February 2023

Friday February 3 – Monday February 13


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Fri, Feb 3 at 7pm • Sat and Sun, Feb 4 and 5 at 4pm and 7pm • IU Fine Arts Theater • Purchase Tickets
Fri, Feb 10 at 7pm • Sat and Sun, Feb 11 and 12 at 4pm and 7pm • IU Fine Arts Theater • Purchase Tickets

2023 Academy Award® Nominee: Best Documentary Feature

WINNER! Best Non-Fiction Film: New York Film Critics Circle
Nan Goldin rose from the New York “No Wave” underground to become one of the most revered photographers of the late 20th century; her photographs and slideshows have captured her most intimate relationships with friends and lovers. But more than just a portrait of an extraordinary artist, All the Beauty also looks at Goldin’s grassroots political activism, specifically, her David-and-Goliath battle with the Sackler family, the pharmaceutical dynasty who have been described as the “most evil family in America.”
Academy Award®–winning filmmaker Laura Poitras’s newest film is a testament to the fearless honesty of an irrepressible artist, for whom creative expression and political conviction are inextricably linked. (112 min)
A towering and devastating work of SHOCKING INTELLIGENCE and still greater emotional power… This is an overwhelming film. — Indiewire
Maybe the MOST ESSENTIAL FILM of the year. — Original Cin
If you’ve ever doubted how ART, RAGE, or ACTION can make meaningful change, Goldin’s combination of all three fighting an opioid crisis that nearly killed her is exhilarating proof of the power of “screaming in the streets.” — The LA Times
There is a distinct sense of against-all-odds triumph that hits hard, and lingers long. — The Globe and Mail
It strikes at the core of what makes us human, our hopes and fears and the relationships we invest ourselves in. It is COMMUNITY AS ART AS ACTIVISM in one giant loop, filtered through the gaze of a woman so unflinchingly tireless in her efforts that you cannot help but be on her side. — Collider
Laura Poitras has a point of view, she has passion, she has politics, and there never was any danger of her both-siding this raw, emotionally ferocious story of the world that Nan Goldin inherited and remade, one that she continues to remake with her brilliance and with all the bruises that never heal. CRITIC’S PICK! – The New York Times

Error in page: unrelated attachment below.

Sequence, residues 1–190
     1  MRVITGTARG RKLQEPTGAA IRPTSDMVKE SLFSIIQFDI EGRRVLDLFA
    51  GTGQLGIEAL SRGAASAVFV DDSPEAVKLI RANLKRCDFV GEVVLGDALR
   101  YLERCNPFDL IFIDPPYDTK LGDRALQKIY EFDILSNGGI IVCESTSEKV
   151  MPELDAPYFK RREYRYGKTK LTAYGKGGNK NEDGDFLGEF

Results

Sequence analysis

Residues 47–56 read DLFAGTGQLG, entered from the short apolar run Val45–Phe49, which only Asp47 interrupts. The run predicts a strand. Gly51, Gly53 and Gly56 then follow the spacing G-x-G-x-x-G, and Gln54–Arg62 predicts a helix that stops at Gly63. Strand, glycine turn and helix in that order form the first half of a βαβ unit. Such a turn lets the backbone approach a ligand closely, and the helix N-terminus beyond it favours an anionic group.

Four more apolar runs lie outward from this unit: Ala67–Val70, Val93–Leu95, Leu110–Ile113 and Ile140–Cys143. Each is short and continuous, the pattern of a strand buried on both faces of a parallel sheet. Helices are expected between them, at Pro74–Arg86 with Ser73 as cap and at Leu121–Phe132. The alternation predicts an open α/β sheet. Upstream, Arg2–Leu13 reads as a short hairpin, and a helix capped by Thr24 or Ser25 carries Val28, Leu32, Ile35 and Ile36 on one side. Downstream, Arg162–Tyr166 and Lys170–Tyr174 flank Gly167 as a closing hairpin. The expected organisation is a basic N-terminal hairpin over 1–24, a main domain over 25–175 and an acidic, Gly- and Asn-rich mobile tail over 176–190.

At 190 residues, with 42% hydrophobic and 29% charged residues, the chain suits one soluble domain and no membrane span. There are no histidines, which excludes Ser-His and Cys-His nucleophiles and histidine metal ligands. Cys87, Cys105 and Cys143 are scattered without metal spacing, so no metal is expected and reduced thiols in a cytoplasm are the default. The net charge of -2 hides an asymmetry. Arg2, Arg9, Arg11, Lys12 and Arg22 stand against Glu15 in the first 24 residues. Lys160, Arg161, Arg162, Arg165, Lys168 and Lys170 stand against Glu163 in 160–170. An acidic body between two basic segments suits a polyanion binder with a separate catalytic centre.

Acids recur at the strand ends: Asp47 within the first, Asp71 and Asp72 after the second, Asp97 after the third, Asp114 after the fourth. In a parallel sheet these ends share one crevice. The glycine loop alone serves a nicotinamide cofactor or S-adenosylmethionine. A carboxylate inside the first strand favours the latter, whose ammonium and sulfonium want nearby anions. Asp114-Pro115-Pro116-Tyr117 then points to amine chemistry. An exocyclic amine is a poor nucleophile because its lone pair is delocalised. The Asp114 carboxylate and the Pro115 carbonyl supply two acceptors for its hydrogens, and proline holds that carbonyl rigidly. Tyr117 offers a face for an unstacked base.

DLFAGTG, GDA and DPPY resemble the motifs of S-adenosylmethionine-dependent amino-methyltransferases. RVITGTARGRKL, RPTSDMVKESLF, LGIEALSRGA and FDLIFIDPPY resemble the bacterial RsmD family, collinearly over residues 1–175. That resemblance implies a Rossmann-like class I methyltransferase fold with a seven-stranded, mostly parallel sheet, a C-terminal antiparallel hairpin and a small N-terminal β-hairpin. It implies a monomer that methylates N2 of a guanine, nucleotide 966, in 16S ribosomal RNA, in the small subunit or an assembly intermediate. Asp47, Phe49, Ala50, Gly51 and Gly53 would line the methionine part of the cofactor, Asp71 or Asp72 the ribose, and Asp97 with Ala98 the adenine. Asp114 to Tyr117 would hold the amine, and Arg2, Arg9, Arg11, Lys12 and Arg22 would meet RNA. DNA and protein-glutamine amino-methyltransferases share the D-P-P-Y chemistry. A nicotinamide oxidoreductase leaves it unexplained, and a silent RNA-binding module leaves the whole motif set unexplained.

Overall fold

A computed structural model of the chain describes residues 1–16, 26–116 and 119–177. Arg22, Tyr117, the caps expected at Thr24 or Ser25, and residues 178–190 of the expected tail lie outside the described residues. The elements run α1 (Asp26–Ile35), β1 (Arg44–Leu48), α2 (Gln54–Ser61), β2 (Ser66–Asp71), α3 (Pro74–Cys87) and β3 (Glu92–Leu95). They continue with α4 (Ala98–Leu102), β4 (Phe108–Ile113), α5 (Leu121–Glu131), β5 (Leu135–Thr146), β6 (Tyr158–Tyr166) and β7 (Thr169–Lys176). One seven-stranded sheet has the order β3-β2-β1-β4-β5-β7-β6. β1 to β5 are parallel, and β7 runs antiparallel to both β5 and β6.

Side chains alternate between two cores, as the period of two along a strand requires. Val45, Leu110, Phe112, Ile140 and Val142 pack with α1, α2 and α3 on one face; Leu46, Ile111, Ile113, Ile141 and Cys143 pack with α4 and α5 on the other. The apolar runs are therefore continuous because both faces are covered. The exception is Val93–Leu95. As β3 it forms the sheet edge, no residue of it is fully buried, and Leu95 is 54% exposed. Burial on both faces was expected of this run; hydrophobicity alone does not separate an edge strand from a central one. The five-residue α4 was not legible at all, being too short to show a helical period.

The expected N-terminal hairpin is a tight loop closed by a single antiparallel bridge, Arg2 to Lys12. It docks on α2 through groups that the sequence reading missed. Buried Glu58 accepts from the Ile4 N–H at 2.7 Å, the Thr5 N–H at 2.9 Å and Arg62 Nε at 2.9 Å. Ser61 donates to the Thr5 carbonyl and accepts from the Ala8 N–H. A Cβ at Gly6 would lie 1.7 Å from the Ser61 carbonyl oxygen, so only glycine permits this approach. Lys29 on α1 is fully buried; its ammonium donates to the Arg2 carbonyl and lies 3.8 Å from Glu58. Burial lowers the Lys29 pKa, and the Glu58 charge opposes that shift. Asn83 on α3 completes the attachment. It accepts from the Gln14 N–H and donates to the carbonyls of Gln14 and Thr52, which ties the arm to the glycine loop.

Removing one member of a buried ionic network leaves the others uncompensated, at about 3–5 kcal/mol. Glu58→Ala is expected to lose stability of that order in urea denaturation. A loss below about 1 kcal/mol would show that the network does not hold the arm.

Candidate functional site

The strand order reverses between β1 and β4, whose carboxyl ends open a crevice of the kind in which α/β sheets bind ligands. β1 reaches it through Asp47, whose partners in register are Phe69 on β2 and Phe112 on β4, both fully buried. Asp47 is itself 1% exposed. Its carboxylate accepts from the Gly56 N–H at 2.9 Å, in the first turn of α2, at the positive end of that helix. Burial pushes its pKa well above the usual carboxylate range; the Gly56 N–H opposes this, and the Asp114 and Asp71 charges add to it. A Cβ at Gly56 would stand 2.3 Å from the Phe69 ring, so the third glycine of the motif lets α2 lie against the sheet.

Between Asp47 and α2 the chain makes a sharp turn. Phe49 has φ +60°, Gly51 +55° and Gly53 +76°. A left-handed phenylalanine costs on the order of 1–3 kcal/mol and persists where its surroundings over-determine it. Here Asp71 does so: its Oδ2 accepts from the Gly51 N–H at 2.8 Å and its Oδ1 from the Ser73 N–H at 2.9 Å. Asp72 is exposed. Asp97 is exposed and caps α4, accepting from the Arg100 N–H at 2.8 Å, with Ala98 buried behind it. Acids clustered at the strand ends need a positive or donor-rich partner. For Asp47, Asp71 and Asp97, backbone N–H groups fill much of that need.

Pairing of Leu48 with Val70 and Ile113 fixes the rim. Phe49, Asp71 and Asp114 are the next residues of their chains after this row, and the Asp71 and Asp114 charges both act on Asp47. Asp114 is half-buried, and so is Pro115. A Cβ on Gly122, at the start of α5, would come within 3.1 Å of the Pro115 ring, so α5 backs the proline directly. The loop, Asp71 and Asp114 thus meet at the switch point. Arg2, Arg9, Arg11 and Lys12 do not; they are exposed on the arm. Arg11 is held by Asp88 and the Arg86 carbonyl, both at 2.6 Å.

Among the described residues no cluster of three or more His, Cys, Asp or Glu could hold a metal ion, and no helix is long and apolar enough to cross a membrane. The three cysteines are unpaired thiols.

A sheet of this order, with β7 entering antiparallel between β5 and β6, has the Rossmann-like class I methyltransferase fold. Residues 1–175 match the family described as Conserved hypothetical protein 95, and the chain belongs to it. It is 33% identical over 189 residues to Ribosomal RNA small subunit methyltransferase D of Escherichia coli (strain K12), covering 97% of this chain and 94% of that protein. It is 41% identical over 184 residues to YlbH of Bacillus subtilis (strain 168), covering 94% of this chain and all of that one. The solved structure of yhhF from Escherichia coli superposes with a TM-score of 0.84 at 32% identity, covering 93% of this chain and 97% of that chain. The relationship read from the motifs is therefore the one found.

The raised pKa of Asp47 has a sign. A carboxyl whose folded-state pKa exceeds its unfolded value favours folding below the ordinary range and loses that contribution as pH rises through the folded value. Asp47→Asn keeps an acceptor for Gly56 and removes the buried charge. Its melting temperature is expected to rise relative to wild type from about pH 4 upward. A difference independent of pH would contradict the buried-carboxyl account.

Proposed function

It entered the festival circuit as a politically charged take on the standard there-goeth-the-great-artist story and exited it as A PEERLESS ACT OF PERSONAL RECLAMATION. I can’t shake the feeling of being shook by it. — Rolling Stone

Friday February 10 – Monday February 13


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Fri, Feb 10 at at 7:30 • Sat and Sun, Feb 11 and 12 at 4:30 and 7:30 • IU Radio & Television Theater • Purchase Tickets
Five years after winning the Palme d’Or for Shoplifters, Academy Award nominated filmmaker Hirokazu Kore-eda returns with Broker, starring Cannes Best Actor winner Song Kang Ho (Parasite). The film follows two brokers who sell orphaned infants, circumventing the bureaucracy of legal adoption, to affluent couples who can’t have children of their own. After an infant’s mother surprises the duo by returning to ensure her child finds a good home, the three embark on a journey to find the right couple, building an unlikely family of their own.
Japan • 129 min • subtitled
Kore-eda’s nonjudgmental approach to all his films is what makes him such an enticing auteur, and with Broker he brings what he excels at to a new destination with an all-star South Korean cast that really understands his material and delicate subtleties. – The Austin Chronicle

When it all comes together it proves to be yet another poetic and patient cinematic reflection on the families we build for ourselves from one of the best observers of humanity to ever do it. – Collider

CRITIC’S PICK! – The New York Times

Every baby deserves to be loved and taken care of, but so does every adult. Broker does an impressive job of articulating how these two truths are inextricably intertwined. – Paste
Broker keeps on getting funnier and knottier as secret motives are revealed, sympathies shift, mysteries deepen and dangers multiply. – BBC